Pointing a function pointer to a variable?

This is a discussion on Pointing a function pointer to a variable? within the C++ Programming forums, part of the General Programming Boards category; Hi, all How do you “point” a function pointer to an array of byte code? I have converted a series ...

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    Unhappy Pointing a function pointer to a variable?

    Hi, all

    How do you “point” a function pointer to an array of byte code? I have converted a series of assembly instructions to byte codes (I don’t want to use inline assembly), and want my function pointer to point to that array of byte codes. The problem is that the VC++ compiler won’t cast from chars to the defined function pointer. The following code might explain better:

    Code:
    int (* FuncPtr)(int x, int y); // the function pointer
    char ByteCode[] = {...}; // the byte code array
    
    FuncPtr = ByteCode; // point the function pointer to the byte code array
    The problem is that VC++ won’t covert from char array to the function definition. I tried adding “(void *)” when pointing but it still wouldn’t convert.
    We haven't inherited Earth from our parents; instead we have borrowed her from our children - old Indian saying.

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    But it is possible to do it with "(void *)" in Dev-C++

    FuncPtr = (void *) ByteCode;
    We haven't inherited Earth from our parents; instead we have borrowed her from our children - old Indian saying.

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    Thanks that worked
    We haven't inherited Earth from our parents; instead we have borrowed her from our children - old Indian saying.

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    I have read that this is very risky (mixing code and data), why is that?
    We haven't inherited Earth from our parents; instead we have borrowed her from our children - old Indian saying.

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    How can I prevent this or somehow add my array of byte codes to the instruction memory area of my program during runtime? I don't want to use inline assembly, becouse I want the array of byte codes to be variable, becouse the array will load the byte codes from a file.
    Last edited by Aidman; 07-06-2003 at 01:05 PM.
    We haven't inherited Earth from our parents; instead we have borrowed her from our children - old Indian saying.

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    What you're doing is basically making a simple (relatively speaking) version of a self-modifying .exe... or at least you're trying. I don't know much ASM, but perhaps you could try taking this one step farther by having your code actually modify the .exe. You'd probably want a big section that was full of nop (no operation) to record over with the new data, but I really have no idea if this will work like you want. In theory, I think it should, but in practice, self modifying executables that are anything but trivial is an unpredictable type of thing.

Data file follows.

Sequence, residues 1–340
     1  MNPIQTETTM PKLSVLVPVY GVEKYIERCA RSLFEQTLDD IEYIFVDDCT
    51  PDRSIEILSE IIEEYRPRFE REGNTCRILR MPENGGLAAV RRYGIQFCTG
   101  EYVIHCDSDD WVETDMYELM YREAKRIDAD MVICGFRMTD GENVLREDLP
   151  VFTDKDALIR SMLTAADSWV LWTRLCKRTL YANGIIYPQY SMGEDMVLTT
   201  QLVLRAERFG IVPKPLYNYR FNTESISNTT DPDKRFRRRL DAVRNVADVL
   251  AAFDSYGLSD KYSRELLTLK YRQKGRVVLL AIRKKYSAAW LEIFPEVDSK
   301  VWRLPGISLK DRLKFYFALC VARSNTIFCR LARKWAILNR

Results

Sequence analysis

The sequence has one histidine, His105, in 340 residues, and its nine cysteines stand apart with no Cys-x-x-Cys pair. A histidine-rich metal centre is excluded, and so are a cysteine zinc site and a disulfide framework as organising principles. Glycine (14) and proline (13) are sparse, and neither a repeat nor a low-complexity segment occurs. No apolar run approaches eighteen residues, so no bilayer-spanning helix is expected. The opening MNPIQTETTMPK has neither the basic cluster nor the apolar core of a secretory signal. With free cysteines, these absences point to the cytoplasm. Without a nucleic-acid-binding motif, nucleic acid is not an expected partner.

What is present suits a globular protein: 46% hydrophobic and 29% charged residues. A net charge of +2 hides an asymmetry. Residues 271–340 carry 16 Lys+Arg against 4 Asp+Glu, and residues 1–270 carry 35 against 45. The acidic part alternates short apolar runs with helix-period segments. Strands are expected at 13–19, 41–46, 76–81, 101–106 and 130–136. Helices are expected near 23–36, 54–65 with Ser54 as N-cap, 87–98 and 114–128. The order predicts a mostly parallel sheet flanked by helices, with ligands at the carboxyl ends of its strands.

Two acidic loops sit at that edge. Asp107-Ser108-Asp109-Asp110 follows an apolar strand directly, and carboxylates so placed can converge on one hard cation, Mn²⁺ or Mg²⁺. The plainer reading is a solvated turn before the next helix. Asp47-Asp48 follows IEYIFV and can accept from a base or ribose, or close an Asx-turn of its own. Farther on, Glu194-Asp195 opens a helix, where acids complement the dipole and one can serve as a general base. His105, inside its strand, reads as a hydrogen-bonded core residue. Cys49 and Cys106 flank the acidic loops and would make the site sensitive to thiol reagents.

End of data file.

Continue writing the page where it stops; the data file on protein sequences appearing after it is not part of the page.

Having said that... unless you're trying this just for fun or to see if it can be done, it would probably be better to find another way to solve the problem. If you're doing this to satisfy your intellectual curiousity - bravo, carry on. If you're trying to write a serious program that you need to work - find another way.

    Good luck.
    Away.

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    I thought the text segment was read-only in 32-bit protected mode? Or is this totally OS dependant? *looks at vVv*

  8. #8
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    I am no Windows programmer, but the Unix FAQ has an example of how to make the text segment writable using the POSIX mprotect() function.
    IIRC, on windows you can call the function VirtualProtect to
    to make a text-segment writable for these types of operations.

    /btq
    ...viewlexx - julie lexx

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    don't know much ASM, but perhaps you could try taking this one step farther by having your code actually modify the .exe. You'd probably want a big section that was full of nop (no operation) to record over with the new data, but I really have no idea if this will work like you want.
    I had tried that on another program before and it worked (atleast in windows). But becouse I want the number of bytecodes to be variable, it will be difficult to adjust to all sizes.


    Have you considered stuffing that code into a DLL and loading it into memory using LoadLibrary() and extracting function addresses from it using GetProcAddress()?
    I am thinking about that, it seems like the only way. But one difficulty would be to make the dll in assembler, thats very messy.
    We haven't inherited Earth from our parents; instead we have borrowed her from our children - old Indian saying.

  10. #10
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    what is it more exactly that you want to do ?
    Are you writing self-modifying-code ?
    If so, putting the code on the stack and calling it is
    perfectly accebtable(like you did).

    Although if you just want some asm-code and don't
    want to use inline-asm there are several better ways:
    Use a dll (already mentioned), it isn't harder
    than writing an asm-application. Or you can link with the .obj
    which comes from the asm-code you want to execute.

    hmmm...I guess my real question is: what is it you're trying to
    do ?


    /btq
    ...viewlexx - julie lexx

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